Saturday, May 03, 2014

The Solway News

I think I may have said before that one of my all-time favourite novels is E. Annie Proulx's "The Shipping News".  It is set far out on the coast of Newfoundland, where  Quoyle, the main character, is sent to report on ships using the local harbour. The climate is very harsh, to the extent that the family home is swept away during a storm, even though it was lashed down with steel hawsers.  (Yes, I realise it is symbolic)  The writer does a great job of making the location seem impossibly claustrophobic but also irresistible.  If it actually existed, one would like to  visit.

I'd never made the connection between that book and the Solway Coast until this last visit, when poor weather prompted us to do some more exploring.  On our first evening, we drove up the coast to eat a  picnic supper while watching the sun set.  We have always used a pull-off near the Crosscanonby mile-fortlet.   This time, however, there were bollards across the entrance, and why?

Because it was simply not there.  The whole parking place - grassy bank, tarmaced road and all - had been washed away.  All along the coast, great bites had been taken out of the dunes, displacing the gabions meant to protect the coastline.

Piles of debris had been deposited, including this large stanchion, encrusted with barnacles and much repaired, which must have been ripped from some quayside and washed up here.

We chanced to pick up a copy of the local free newspaper, "The Solway Buzz."  The content is no different to that of similar papers distributed here in Essex, except for the Shipping News.  The paper includes a report on all the ships coming into Silloth harbour, their cargoes and their onward destinations, usually "in Ballast".  They will arrive carrying grain or molasses or fertiliser and move on empty to another UK port. So much busy trade, virtually invisible to us all.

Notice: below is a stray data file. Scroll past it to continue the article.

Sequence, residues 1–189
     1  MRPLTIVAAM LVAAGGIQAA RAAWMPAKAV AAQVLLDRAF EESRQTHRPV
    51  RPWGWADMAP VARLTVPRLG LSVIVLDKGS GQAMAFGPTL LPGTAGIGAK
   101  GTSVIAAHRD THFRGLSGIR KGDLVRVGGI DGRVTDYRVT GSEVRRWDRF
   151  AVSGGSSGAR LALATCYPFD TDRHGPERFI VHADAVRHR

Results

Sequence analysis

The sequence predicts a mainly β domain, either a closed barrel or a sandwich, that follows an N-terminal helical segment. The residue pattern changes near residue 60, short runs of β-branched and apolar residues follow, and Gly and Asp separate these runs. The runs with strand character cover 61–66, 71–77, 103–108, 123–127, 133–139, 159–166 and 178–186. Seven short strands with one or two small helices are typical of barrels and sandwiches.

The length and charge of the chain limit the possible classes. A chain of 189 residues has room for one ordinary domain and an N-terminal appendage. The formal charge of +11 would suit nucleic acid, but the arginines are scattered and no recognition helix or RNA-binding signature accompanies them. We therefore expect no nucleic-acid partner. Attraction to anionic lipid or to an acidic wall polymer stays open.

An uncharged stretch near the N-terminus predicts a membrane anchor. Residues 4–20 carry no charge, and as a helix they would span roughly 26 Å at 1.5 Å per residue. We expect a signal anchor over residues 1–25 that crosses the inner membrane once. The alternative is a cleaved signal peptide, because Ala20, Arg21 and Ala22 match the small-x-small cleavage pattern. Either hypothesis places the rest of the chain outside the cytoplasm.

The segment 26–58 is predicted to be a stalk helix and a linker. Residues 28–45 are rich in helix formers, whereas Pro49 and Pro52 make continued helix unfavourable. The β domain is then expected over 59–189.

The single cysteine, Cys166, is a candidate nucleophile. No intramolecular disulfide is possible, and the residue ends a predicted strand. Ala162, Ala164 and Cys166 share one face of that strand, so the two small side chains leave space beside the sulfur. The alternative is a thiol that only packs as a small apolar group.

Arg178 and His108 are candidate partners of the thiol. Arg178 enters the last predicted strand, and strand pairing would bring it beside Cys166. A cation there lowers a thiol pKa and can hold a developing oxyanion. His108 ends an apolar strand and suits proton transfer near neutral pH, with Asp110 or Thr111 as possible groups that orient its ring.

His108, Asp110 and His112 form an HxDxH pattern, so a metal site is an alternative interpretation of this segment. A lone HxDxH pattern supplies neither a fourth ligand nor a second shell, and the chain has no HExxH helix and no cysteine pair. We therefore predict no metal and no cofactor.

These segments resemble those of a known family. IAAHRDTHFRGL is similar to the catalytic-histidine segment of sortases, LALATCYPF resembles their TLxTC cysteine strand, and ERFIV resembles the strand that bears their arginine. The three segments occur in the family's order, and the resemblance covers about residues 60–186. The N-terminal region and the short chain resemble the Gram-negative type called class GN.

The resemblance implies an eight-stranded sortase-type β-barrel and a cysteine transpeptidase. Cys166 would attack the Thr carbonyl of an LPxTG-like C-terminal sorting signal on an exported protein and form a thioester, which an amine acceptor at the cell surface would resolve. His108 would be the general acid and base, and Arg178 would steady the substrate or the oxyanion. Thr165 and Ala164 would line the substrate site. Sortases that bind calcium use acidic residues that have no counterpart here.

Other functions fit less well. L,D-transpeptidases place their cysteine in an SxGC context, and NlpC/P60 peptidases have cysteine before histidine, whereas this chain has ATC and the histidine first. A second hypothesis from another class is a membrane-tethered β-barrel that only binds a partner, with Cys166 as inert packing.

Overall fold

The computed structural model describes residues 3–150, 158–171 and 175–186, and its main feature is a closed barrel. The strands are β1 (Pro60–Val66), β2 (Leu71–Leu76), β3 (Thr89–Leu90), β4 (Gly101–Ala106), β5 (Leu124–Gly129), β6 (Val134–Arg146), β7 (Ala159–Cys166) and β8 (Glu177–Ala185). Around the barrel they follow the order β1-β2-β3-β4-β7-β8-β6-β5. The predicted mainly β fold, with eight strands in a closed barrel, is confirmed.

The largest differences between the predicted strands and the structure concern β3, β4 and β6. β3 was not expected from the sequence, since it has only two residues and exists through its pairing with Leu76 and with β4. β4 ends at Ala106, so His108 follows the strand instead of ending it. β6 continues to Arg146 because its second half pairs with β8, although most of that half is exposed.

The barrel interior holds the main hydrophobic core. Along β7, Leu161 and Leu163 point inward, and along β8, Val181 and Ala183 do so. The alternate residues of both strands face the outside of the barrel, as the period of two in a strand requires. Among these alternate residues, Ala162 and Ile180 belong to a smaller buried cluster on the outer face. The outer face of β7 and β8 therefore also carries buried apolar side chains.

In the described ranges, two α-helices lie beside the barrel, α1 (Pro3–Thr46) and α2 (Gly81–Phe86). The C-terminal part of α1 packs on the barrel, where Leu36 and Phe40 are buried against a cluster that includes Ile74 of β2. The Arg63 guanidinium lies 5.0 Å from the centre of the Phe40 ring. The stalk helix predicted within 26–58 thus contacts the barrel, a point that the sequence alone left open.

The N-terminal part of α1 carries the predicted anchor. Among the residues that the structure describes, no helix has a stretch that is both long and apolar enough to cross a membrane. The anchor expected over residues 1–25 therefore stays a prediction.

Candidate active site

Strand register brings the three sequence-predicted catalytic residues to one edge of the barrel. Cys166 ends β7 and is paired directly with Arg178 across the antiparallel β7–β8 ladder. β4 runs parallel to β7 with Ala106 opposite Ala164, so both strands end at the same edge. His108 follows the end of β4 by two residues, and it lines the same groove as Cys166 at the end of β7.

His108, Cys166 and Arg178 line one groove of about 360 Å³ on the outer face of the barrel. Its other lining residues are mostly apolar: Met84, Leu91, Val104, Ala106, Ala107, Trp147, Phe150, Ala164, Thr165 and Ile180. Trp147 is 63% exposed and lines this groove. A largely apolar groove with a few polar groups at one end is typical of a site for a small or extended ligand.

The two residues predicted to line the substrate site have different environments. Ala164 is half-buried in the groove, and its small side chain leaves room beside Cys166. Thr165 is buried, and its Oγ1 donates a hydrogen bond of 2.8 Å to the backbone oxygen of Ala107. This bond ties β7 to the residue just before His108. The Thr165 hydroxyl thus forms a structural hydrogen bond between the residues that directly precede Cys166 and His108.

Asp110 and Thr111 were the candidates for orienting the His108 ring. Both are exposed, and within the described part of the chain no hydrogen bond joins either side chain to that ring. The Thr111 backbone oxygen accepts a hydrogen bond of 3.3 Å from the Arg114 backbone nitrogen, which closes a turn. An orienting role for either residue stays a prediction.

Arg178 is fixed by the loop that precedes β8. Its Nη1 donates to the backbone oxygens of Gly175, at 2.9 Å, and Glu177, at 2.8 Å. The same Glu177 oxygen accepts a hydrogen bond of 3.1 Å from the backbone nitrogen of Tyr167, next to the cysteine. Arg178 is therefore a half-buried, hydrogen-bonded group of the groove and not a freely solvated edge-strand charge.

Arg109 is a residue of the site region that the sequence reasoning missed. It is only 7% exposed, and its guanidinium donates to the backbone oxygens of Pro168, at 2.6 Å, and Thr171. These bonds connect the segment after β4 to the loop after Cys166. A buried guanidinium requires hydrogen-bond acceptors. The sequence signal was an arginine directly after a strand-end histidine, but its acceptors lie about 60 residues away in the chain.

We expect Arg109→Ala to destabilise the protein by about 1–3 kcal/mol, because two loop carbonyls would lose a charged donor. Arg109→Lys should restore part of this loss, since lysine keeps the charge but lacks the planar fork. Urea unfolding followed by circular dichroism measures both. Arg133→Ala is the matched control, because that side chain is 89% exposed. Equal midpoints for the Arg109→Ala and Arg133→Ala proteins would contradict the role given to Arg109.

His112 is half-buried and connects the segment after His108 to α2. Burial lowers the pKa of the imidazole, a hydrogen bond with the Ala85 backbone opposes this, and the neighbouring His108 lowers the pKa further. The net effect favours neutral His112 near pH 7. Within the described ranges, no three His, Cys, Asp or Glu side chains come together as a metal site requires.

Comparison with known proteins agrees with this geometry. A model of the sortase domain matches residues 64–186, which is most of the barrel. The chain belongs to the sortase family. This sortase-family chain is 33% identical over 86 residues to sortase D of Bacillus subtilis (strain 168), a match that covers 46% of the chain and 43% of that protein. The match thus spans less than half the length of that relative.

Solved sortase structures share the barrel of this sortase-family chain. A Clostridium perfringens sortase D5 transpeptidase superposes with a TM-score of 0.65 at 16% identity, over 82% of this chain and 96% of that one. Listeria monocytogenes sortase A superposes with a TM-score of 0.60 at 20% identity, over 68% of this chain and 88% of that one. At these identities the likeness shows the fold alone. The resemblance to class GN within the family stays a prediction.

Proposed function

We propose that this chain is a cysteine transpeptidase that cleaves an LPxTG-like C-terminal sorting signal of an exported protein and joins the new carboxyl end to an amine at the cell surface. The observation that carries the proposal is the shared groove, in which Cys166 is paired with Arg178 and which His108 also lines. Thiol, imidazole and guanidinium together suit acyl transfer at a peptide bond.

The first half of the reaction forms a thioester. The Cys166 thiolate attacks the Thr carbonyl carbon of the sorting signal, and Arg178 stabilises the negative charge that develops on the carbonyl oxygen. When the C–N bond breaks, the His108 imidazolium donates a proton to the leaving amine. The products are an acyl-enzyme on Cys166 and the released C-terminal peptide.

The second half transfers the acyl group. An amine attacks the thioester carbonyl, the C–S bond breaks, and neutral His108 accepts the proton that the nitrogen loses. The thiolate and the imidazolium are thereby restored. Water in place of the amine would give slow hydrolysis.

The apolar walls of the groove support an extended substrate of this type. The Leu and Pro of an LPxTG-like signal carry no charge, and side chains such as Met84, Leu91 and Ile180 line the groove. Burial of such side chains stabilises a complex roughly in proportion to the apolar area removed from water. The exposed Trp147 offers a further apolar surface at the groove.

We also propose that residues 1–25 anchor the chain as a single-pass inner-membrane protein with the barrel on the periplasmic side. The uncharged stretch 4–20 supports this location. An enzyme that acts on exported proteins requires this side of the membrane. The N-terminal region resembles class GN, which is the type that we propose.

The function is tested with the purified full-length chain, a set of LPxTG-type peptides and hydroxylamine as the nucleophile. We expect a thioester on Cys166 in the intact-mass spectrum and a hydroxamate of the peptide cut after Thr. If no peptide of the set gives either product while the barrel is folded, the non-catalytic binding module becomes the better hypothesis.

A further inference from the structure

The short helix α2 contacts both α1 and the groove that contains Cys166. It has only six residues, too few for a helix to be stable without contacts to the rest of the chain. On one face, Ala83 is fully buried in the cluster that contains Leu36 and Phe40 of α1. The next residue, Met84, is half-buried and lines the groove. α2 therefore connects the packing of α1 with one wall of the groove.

In the book, the community make their own entertainment.  Here, we went to a concert in one of the tiny villages, attended by fewer than forty people.  Arts Out West were sponsoring a tour by two Scottish lasses, one on the accordion and Highland pipes and the other on guitar and banjo.  They had a lively style and we enjoyed the performance.  Their tour dates were a catalogue of little community halls all along the coast.

This fine church is at the next tiny settlement inland: Holm St Cuthbert.

We were hoping to make use of the wonderful new cycle path from Maryport to Allonby, but, although it faired up considerably, there was a relentless stiff breeze which has caught us out before, when we tried to cycle back down the coast.  However, we did manage some fine evenings:


1 comment:

Anonymous said...

Your blog is sheer delight for me! Thank you!
This one reminded me of home: I grew up on the coast of Ipswich Bay (Massachusetts/New Hampshire) where such storms each winter would tear up the coastal roads and sometimes... an especial Nor'easter... would wipe out the gardens/lawns of homes ... After it all died down and the road was opened again, our delight was to 'treasure hunt' on the beach...

It all keeps one in touch with our place. many thanks for your expeditions AND your knitting .. Elizabeth A